UK is full of eater­ies she would love

The Guardian - - NEWS - Tony Nay­lor

Fa­mously, in 2005, with her beloved Nor­wich City trail­ing, the club’s joint ma­jor­ity share­holder, Delia Smith, strode onto the pitch at half-time and at­tempted to rally the fans. “Where are you? Let’s be ‘avin you,” de­manded the “sainted Delia”, in a hith­erto unimag­in­ably ram­bunc­tious out­burst.

Yes­ter­day’s com­ments af­ter vis­it­ing the Queen reprised some of that sup­pressed, scat­ter­gun at­ti­tude, as Smith – now 76, and ev­i­dently past car­ing about her mod­est pub­lic im­age – got a few things off her chest. Un­for­tu­nately, she chose the wrong tar­get.

Smith’s de­spair at “very pon­cey, very chefy” food, and her sug­ges­tion that it has ru­ined Bri­tish restau­rants, is sad and com­pletely wrong.

It is an un­sur­pris­ing stance from nonon­sense Delia, who, in How to Cheat at Cook­ing, rec­om­mended we use tinned mince and frozen mash.

But like @We­want­plates (that har­rumph­ing on­line log of bizarre serv­ing ideas: tiramisu in a trainer shoe; burg­ers on bin lids etc), Smith’s sweep­ing dis­missal of or­nately de­signed dishes with “six dots of sauce on” en­cap­su­lates a small-minded English fear of moder­nity and fuss, of risk-tak­ing and cre­ativ­ity, of out­ra­geous plea­sure.

There are chefs push­ing daft, im­prac­ti­cal plat­ing ideas. Chips served in lit­tle fry­ing bas­kets are the least of it. But take it on a case by case ba­sis. From ice-cream cre­ated ta­ble­side at Fat Duck in clouds of dry ice, to the whole fried cauliflower at Cum­bria’s Lake Road Kitchen (like a black­ened as­ter­oid, speared with a hunt­ing knife), much of the most ex­cit­ing cook­ing in the past decade has been at restau­rants that em­brace witty, chal­leng­ing pre­sen­ta­tion. It is not show­ing off.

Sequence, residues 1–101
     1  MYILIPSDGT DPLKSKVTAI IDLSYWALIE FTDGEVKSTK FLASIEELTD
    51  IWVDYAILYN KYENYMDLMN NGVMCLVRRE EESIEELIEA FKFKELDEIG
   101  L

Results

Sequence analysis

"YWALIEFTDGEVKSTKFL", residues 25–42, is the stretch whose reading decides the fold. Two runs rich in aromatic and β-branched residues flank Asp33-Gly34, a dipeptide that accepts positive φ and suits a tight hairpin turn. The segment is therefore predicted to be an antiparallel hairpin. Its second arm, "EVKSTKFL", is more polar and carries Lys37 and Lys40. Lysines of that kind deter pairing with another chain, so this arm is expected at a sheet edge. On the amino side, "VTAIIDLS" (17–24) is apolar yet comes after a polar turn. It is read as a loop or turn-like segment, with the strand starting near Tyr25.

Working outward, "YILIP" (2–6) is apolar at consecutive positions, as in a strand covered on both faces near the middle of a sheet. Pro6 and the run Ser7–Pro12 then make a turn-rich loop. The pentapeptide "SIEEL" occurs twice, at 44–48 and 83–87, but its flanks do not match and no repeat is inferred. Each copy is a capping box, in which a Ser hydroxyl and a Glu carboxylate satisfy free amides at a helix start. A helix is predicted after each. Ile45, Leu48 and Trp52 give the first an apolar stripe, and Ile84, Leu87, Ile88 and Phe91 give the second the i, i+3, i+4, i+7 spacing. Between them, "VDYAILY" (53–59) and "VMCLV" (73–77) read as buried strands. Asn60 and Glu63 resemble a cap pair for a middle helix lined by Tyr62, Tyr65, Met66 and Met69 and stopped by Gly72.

These are not gorm­less chefs. Such restau­rants are of­ten run by cere­bral fig­ures com­mit­ted to the sus­tain­able, waste-free cook­ing that Smith favours.

More­over, cook­ing rooted in tra­di­tional tech­nique is thriv­ing in Bri­tain. Smith needs to get out more. To Roger Hickman’s in Nor­wich per­haps, which the Good Food Guide praises for its “real food”, or to Ch­ester to ex­pe­ri­ence Sticky Wal­nut’s rig­or­ous, mod­ern bistro cook­ing. Fur­ther north, in Sed­bergh (stop off for a pie at Lan­cashire’s Park­ers Arms first), Smith could en­joy lamb’s kid­neys on toast at the Three Hares – with no the­atri­cal flour­ishes.

True, Smith may not find rich but­tery French sauces out there. Bri­tish cook­ing is lighter now, thank­fully. Like that night at Car­row Road (Nor­wich even­tu­ally lost 2-3), she will have to stom­ach any dis­ap­point­ment.

Newspapers in English

Newspapers from UK

© PressReader. All rights reserved.